Courtney
Cramer
Crenshaw
Crowley
Cuellar
Culberson
Cummings
Davis (CA)
Davis, Rodney
DeGette
Delaney
DelBene
Denham
Dent
Deutch
Diaz-Balart
Dingell
Doggett
Doyle
Duckworth
Duffy
Edwards
Ellmers
Engel
Enyart
Eshoo
Esty
Farenthold
Farr
Fattah
Fincher
Fitzpatrick
Fleischmann
Fleming
Flores
Forbes
Fortenberry
Foster
Foxx
Frelinghuysen
Gabbard
Gallego
Garamendi
Garcia
Gerlach
Gibbs
Gibson
Goodlatte
Granger
Graves (GA)
Graves (MO)
Grayson
Green, Al
Green, Gene
Griffin (AR)
Griffith (VA)
Grimm
Guthrie
Gutiérrez
Hahn
Hanna
Harper
Hartzler
Hastings (FL)
Hastings (WA)
Heck (WA)
Hensarling
Herrera Beutler
Higgins
Himes
Hinojosa
Honda
Horsford
Hudson
Huffman
Huizenga (MI)
Hultgren
Hunter
Hurt
Israel
Issa
Jackson Lee
Jeffries
Jenkins
Johnson (GA)
Johnson (OH)
Johnson, E. B.
Joyce
Kaptur
Keating
Kelly (IL)
Kelly (PA)
Kennedy
Kildee
Kilmer
Kind
King (NY)
Kinzinger (IL)
Kirkpatrick
Kline
Kuster
LaMalfa
Lamborn
Lance
Langevin
Lankford
Larsen (WA)
Larson (CT)
Latham
Latta
Lewis
Lipinski
LoBiondo
Loebsack
Lofgren
Lowenthal
Lowey
Lucas
Luetkemeyer
Lujan Grisham (NM)
Luján, Ben Ray (NM)
Lynch
Maffei
Maloney, Carolyn
Maloney, Sean
Marino
Matheson
Matsui
McAllister
McCarthy (CA)
McCaul
McCollum
McDermott
McGovern
McHenry
McKeon
McMorris Rodgers
McNerney
Meehan
Meeks
Meng
Messer
Mica
Michaud
Miller (FL)
Miller (MI)
Miller, Gary
Miller, George
Moore
Moran
Murphy (FL)
Murphy (PA)
Nadler
Napolitano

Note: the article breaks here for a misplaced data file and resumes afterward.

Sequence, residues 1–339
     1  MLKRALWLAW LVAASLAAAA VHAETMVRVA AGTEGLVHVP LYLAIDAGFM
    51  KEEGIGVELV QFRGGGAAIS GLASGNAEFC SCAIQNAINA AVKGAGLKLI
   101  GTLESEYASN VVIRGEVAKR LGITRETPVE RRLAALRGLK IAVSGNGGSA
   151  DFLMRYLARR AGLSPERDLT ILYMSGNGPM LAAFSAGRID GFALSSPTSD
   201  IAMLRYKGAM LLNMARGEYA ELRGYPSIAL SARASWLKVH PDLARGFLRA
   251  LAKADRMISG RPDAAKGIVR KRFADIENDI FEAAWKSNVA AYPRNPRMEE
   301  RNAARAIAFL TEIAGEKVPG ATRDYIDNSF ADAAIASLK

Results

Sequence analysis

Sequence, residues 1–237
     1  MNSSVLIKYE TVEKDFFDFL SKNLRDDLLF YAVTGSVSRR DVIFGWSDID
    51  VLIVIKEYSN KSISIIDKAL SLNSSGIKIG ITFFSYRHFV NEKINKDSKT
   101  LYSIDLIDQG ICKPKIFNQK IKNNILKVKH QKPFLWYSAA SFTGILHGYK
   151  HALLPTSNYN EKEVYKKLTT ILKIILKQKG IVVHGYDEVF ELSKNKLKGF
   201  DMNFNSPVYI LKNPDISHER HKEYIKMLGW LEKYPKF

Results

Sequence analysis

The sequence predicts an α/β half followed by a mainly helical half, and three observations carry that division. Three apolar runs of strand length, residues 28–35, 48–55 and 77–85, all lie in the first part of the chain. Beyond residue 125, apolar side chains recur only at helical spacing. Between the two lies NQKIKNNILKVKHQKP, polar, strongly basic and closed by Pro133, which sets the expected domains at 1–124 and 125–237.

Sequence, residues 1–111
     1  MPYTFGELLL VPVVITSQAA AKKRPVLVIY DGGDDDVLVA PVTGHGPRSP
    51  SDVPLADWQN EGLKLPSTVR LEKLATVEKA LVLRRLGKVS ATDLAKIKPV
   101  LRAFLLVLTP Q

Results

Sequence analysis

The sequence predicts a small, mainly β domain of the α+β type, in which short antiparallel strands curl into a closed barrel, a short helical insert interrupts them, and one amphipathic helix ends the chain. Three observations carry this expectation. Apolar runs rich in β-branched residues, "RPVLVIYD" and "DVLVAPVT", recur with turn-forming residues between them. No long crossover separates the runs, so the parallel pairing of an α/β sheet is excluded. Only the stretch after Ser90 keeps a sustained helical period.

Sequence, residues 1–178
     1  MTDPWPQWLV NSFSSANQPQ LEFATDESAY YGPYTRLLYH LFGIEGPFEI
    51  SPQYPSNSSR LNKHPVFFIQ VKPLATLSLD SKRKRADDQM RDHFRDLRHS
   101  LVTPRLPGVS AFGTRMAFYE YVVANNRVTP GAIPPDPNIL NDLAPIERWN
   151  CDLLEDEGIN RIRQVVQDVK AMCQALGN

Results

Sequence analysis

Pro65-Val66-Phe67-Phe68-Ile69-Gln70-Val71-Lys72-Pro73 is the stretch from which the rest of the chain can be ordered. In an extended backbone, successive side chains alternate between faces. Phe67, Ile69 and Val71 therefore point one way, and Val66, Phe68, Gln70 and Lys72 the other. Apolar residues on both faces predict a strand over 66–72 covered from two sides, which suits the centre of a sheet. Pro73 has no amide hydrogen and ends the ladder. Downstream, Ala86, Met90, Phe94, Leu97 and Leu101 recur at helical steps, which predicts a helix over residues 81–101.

Neal
Noem
Nolan
Nunes
Nunnelee
O’Rourke
Owens
Palazzo
Pascrell
Pastor (AZ)
Paulsen
Payne
Pelosi
Perlmutter
Perry
Peters (CA)
Peters (MI)
Peterson
Petri
Pittenger
Pitts
Polis
Price (GA)
Price (NC)
Quigley
Rahall
Rangel
Reed
Reichert
Renacci
Ribble
Rice (SC)
Rigell
Roby
Roe (TN)
Rogers (AL)
Rogers (KY)
Rogers (MI)
Rokita
Rooney
Ros-Lehtinen
Roskam
Ross
Rothfus
Roybal-Allard
Royce
Ruiz
Runyan
Ruppersberger
Ryan (OH)
Ryan (WI)
Sarbanes
Schiff
Schneider
Schock
Schwartz
Scott (VA)
Scott, Austin
Scott, David
Sensenbrenner
Serrano
Sessions
Sewell (AL)
Shea-Porter
Sherman
Shimkus
Shuster
Simpson
Sinema
Sires
Smith (NJ)
Smith (TX)
Smith (WA)
Southerland
Speier
Stewart
Stivers
Stutzman
Swalwell (CA)
Takano
Terry
Thompson (CA)
Thompson (PA)
Thornberry
Tiberi
Tierney
Tipton
Titus
Tonko
Tsongas
Turner
Upton
Valadao
Van Hollen
Vargas
Veasey
Vela
Wagner
Walberg
Walden
Walorski
Walz
Wasserman Schultz
Waxman
Welch
Westmoreland
Whitfield
Williams
Wilson (FL)
Wilson (SC)
Wittman
Wolf
Womack
Woodall
Yarmuth
Yoder
Yoho
Young (AK)
Young (IN)

—- NOES    94 —
 

Amash
Bachmann
Barton
Bass
Bentivolio
Bridenstine
Brooks (AL)
Broun (GA)
Burgess
Chabot
Chu
Cicilline
Clarke (NY)
Coffman
Conyers
Cotton
Crawford
Daines
DeFazio
DeLauro
DeSantis
DesJarlais
Duncan (SC)
Duncan (TN)
Ellison
Frankel (FL)
Franks (AZ)
Fudge
Gardner
Garrett
Gingrey (GA)
Gohmert
Gosar
Gowdy
Grijalva
Hall
Hanabusa
Harris
Heck (NV)
Holding
Holt
Hoyer
Huelskamp
Johnson, Sam
Jones
Jordan
King (IA)
Kingston
Labrador
Lee (CA)
Levin
Long
Lummis
Marchant
Massie
McClintock
McIntyre
McKinley
Meadows
Mullin
Mulvaney
Negrete McLeod
Neugebauer
Nugent
Olson
Pallone
Pearce
Pingree (ME)
Pocan
Poe (TX)
Pompeo
Posey
Richmond
Rohrabacher
Salmon
Sánchez, Linda T.
Sanchez, Loretta
Sanford
Scalise
Schakowsky
Schrader
Schweikert
Slaughter
Smith (MO)
Smith (NE)
Stockman
Thompson (MS)
Velázquez
Visclosky
Waters
Watt
Weber (TX)
Webster (FL)
Wenstrup

—- NOT VOTING    7 —
 

Bishop (GA)
Brown (FL)
Castro (TX)
Davis, Danny
McCarthy (NY)
Radel
Rush

Written by

Rich, the People's Pundit, is the Data Journalism Editor at PPD and Director of the PPD Election Projection Model. He is also the Director of Big Data Poll, and author of "Our Virtuous Republic: The Forgotten Clause in the American Social Contract."